Those of you, who have read Timothy Harris’ book, ‘The Four Hour Work Week,’ have likely contended with the possibility that it may be possible to generate an income from only four hours per week. While that may be the premise for this guide to entrepreneurialism in the twenty-first century, the book also presents many novel concepts for earning a living. Within a project-based earning environment, another idea would be to follow a pattern of working for two months and then taking a month off – the focus would be to manage one’s resilience and project tenacity using the principle of contact and withdrawal as it is applied to work. Cool stuff! Beyond this, the book presents many resources available for the entrepreneur who needs help with part of a project – that project piece can be outsourced to others who can earn a living helping you out. What occurred to me within the last few days was to outline a project – a photo walk – to be organized and configured according to parameters that I set. Then, I would outsource my project idea and have others potential photo walk leaders (perhaps other photographers) bid on the opportunity to lead the photo walk and from there refine terms toward what would work for the project leader and me and others who might participate in the photo walk. The eLance website would be the forum in which I would farm-out and tender the project to others. Hmmh? Have you ever thought of doing something like this?
I did have all these thoughts. But, the weekend that could be used for this endeavor crept up rather quickly. I did not configure the project. I did not submit my project for tender in elance. I was not at the start or finish of a photo walk. Rather, at the end of my work week at school, having been encouraged to get away for some photography by my wife and others at school, I gathered my photo gear and bags, got into our Ford F-150 and headed south. I aimed at Edmonton and intended to see my father who’s in a retirement home, there. But, at four hours in to the journey the weather changed – winter rain began to fall and it seemed unwise to travel the remaining distance on treacherous roads. No hotels could be found in Valleyview. I changed my course and phoned ahead to Grande Prairie’s Stanford Inn – they had a room for me.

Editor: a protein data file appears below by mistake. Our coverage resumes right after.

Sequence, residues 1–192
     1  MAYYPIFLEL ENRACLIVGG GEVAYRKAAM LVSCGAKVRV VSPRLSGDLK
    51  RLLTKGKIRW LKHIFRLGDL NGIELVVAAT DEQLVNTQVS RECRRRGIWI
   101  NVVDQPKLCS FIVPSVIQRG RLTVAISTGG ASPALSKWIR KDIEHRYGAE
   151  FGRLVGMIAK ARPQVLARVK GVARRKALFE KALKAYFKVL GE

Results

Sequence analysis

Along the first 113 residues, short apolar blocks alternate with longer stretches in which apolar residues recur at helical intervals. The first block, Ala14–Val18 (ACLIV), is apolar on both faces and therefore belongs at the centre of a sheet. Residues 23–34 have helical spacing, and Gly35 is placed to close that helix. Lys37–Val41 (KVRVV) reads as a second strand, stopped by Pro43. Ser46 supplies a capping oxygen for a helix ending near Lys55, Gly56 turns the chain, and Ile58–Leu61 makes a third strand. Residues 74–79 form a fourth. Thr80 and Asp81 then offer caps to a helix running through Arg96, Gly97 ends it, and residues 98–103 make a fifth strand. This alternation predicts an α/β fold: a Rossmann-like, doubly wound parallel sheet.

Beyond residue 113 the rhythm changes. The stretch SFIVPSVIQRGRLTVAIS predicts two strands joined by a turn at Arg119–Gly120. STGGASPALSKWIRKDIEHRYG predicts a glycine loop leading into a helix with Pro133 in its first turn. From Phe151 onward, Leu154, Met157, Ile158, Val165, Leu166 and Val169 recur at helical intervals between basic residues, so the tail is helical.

Saturday in Grande Prairie was overcast. It was not a day for outdoor photography.
Saturday became more an opportunity to explore what was new in familiar stores, to see a movie and to gather and replace clothes damaged in our recent Guatemala trip. At Long and McQuade Music I stopped in and tried out a couple of L’Arrivee guitars; I taught one of the sales persons a song – Rickie Lee Jones’ ‘Sailor Song,’ a song my mother heard me play when she was alive. It was a high point in the day to be able to jam with another guitar player.
Sunday, on the other hand, swept in with substantial spring muster. To the west from Grande Prairie clouds billowed as they crossed the final strip of the Canadian Rockies before meeting foothills and prairie. The photos presented here are ones gathered along a westward trek from Grande Prairie towards the Rockies – an interesting area in terms of landscape and it being a bright spring day. The subject is a paved farm road near Beaverlodge, Alberta – something extraordinary for me as most farm roads I have known have been gravelled ones. Here, the reflection of the sky colours the road blue.
Listening to – Rickie Lee Jones’ ‘Sailor Song.’
Quote to Inspire – “But when viewed in their new context, the museum, or gallery, photographs cease to be ‘about’ their subjects in the same direct or primary way; they become studies in the possibilities of photography.” – Susan Sontag, ‘On Photography’.
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A Blog about Music and Popular Culture
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BY GRACE THROUGH FAITH
thoughts on innovation, startups, photography and bourbon since 2007
I make photographs and poems to please myself (and share them to please you).
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He started Writing, The paper started speaking...
L'occhio ritaglia il soggetto, e l'apparecchio deve solo fare il suo lavoro, che consiste nell'imprimere sulla pellicola la decisione dell'occhio
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